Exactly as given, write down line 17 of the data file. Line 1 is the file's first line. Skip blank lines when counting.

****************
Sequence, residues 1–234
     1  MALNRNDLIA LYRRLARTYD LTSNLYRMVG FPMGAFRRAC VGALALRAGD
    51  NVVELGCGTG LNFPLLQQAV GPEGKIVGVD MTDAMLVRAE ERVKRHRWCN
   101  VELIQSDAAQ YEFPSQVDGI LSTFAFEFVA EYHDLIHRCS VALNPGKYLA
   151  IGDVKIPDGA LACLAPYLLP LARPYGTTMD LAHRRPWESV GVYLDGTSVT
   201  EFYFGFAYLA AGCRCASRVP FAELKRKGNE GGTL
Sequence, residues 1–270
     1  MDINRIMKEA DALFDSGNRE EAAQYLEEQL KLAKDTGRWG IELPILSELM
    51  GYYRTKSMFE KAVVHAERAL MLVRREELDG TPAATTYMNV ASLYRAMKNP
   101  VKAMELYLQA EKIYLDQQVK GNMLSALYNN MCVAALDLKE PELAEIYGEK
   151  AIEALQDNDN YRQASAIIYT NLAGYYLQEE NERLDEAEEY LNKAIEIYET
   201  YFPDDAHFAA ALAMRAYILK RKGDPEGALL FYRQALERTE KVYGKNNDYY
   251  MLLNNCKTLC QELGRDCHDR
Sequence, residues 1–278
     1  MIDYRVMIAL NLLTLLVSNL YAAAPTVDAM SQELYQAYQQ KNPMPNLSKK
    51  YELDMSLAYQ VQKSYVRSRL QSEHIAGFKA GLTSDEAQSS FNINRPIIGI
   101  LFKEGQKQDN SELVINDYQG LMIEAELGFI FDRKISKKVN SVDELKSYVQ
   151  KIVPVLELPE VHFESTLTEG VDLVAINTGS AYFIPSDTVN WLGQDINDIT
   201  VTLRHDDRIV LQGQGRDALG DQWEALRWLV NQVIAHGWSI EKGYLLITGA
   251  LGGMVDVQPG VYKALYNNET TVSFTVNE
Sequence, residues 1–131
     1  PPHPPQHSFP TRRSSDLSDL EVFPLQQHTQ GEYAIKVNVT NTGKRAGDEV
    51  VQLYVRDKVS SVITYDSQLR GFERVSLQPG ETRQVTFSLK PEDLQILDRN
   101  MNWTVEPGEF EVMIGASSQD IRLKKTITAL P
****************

   101  LFKEGQKQDN SELVINDYQG LMIEAELGFI FDRKISKKVN SVDELKSYVQ